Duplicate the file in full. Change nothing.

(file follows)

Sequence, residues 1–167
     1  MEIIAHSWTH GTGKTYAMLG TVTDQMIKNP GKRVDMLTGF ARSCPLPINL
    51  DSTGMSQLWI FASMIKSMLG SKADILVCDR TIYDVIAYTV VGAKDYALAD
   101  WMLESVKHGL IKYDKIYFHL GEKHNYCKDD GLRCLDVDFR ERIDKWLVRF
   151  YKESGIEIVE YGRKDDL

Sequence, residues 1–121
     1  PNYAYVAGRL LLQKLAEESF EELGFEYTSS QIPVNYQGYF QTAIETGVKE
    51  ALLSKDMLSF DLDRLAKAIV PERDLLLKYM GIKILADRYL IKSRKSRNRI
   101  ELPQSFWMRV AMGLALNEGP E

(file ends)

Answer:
Sequence, residues 1–167
     1  MEIIAHSWTH GTGKTYAMLG TVTDQMIKNP GKRVDMLTGF ARSCPLPINL
    51  DSTGMSQLWI FASMIKSMLG SKADILVCDR TIYDVIAYTV VGAKDYALAD
   101  WMLESVKHGL IKYDKIYFHL GEKHNYCKDD GLRCLDVDFR ERIDKWLVRF
   151  YKESGIEIVE YGRKDDL

Sequence, residues 1–121
     1  PNYAYVAGRL LLQKLAEESF EELGFEYTSS QIPVNYQGYF QTAIETGVKE
    51  ALLSKDMLSF DLDRLAKAIV PERDLLLKYM GIKILADRYL IKSRKSRNRI
   101  ELPQSFWMRV AMGLALNEGP E